Press Censorship in Caroline England

Sold by Ingram

This product may not be approved for your region.
Hardback
  • Free Shipping

    On orders of AED 100 or more. Standard delivery within 5-15 days.
  • Free Reserve & Collect

    Reserve & Collect from Magrudy's or partner stores accross the UAE.
  • Cash On Delivery

    Pay when your order arrives.
  • Free returns

    See more about our return policy.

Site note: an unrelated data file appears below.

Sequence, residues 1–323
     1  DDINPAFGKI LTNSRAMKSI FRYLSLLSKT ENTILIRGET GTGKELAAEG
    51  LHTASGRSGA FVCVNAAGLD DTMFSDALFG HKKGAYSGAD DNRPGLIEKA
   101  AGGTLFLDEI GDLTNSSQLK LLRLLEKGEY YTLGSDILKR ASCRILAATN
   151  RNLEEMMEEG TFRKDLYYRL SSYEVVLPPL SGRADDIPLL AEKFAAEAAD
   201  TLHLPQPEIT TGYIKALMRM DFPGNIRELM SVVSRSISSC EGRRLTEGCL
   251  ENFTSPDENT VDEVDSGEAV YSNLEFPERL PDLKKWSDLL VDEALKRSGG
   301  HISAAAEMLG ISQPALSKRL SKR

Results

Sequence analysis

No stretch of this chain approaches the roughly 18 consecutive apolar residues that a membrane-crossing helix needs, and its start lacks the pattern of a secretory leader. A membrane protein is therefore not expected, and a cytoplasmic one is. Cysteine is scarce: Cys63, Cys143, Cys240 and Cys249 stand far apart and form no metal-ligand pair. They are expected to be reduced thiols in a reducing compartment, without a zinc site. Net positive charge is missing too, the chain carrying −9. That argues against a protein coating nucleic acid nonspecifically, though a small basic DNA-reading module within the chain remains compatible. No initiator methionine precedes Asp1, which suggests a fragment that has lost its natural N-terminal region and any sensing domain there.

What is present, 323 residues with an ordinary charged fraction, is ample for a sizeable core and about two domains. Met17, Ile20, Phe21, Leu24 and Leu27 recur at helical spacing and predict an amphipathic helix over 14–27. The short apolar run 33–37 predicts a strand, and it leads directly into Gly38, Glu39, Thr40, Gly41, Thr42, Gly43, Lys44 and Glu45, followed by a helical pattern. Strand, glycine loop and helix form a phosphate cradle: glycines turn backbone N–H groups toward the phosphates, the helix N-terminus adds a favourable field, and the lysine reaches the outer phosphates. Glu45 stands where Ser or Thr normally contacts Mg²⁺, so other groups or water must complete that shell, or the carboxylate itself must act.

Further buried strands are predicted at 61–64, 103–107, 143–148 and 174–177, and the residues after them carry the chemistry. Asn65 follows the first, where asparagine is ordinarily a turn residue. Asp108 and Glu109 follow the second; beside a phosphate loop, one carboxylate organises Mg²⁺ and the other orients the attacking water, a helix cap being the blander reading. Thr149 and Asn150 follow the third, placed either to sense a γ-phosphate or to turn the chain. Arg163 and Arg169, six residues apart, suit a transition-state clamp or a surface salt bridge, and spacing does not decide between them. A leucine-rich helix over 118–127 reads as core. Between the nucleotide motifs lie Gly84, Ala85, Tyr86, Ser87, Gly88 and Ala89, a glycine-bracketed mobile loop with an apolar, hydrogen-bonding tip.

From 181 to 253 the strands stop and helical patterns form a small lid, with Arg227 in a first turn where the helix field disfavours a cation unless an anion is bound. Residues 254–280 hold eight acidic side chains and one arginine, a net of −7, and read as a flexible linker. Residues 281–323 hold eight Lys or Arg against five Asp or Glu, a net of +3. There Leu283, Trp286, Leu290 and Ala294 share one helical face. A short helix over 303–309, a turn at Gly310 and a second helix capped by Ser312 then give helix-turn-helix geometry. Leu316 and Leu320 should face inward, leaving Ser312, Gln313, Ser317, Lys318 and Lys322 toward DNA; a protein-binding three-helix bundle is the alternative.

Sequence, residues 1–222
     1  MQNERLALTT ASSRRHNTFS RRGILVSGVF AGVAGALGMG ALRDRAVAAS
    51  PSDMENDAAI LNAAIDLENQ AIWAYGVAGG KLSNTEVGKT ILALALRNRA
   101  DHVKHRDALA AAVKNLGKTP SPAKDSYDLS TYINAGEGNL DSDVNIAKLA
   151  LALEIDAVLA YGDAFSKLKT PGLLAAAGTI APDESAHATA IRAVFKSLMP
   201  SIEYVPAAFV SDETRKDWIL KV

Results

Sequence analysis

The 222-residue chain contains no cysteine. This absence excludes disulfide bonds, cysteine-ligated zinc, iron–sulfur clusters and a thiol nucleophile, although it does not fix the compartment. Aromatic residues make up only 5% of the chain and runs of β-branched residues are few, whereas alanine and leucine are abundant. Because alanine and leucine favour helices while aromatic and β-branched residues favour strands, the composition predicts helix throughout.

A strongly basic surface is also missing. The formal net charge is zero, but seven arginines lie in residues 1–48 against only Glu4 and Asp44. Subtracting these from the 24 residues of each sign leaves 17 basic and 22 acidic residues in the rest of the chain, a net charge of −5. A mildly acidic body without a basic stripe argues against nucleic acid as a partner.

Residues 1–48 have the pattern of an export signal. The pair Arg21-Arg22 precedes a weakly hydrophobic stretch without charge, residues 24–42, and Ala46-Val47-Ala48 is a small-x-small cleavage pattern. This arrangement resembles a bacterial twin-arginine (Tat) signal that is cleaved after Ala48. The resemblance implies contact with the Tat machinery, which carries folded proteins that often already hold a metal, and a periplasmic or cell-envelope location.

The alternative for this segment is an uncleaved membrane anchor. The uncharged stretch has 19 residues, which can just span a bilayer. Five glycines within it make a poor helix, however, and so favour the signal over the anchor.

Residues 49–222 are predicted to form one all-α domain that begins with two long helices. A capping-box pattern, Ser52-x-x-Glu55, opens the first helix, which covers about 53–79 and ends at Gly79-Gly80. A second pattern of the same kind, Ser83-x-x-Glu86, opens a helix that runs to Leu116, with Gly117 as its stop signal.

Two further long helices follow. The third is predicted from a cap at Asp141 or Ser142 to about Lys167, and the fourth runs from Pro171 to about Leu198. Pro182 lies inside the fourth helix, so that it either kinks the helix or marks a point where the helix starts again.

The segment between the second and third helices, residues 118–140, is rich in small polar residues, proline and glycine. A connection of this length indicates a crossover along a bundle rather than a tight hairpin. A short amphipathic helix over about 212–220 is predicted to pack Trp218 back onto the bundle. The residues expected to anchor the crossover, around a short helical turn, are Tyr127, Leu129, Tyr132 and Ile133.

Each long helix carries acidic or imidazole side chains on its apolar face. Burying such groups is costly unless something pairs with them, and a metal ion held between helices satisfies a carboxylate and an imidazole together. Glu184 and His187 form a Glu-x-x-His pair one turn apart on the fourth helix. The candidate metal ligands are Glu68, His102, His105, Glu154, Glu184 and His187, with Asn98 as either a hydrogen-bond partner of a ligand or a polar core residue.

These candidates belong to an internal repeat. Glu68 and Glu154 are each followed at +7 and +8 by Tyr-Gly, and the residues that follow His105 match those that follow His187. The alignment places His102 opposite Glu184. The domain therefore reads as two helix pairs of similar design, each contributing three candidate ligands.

Between 1625 and 1640, a distinctive cultural awareness of censorship emerged, which ultimately led the Long Parliament to impose drastic changes in press control. The culture of censorship addressed in this study helps to explain the divergent historical interpretations of Caroline censorship as either draconian or benign. Such contradictions transpire because the Caroline regime and its critics employed similar rhetorical strategies that depended on the language of orthodoxy, order, tradition, and law, but to achieve different ends. Building on her two previous studies on press censorship in Elizabethan and Jacobean England, Cyndia Clegg scrutinizes all aspects of Caroline print culture: book production in London, the universities, and on the Continent; licensing and authorization practices in both the Stationers' Company and among the ecclesiastical licensers; cases before the courts of High Commission and Star Chamber and the Stationers' Company's Court of Assistants; and trade regulation.